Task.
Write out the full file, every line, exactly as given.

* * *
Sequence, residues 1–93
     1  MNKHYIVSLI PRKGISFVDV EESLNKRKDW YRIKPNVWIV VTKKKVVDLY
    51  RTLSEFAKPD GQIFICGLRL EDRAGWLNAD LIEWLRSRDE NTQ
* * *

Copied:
Sequence, residues 1–93
     1  MNKHYIVSLI PRKGISFVDV EESLNKRKDW YRIKPNVWIV VTKKKVVDLY
    51  RTLSEFAKPD GQIFICGLRL EDRAGWLNAD LIEWLRSRDE NTQ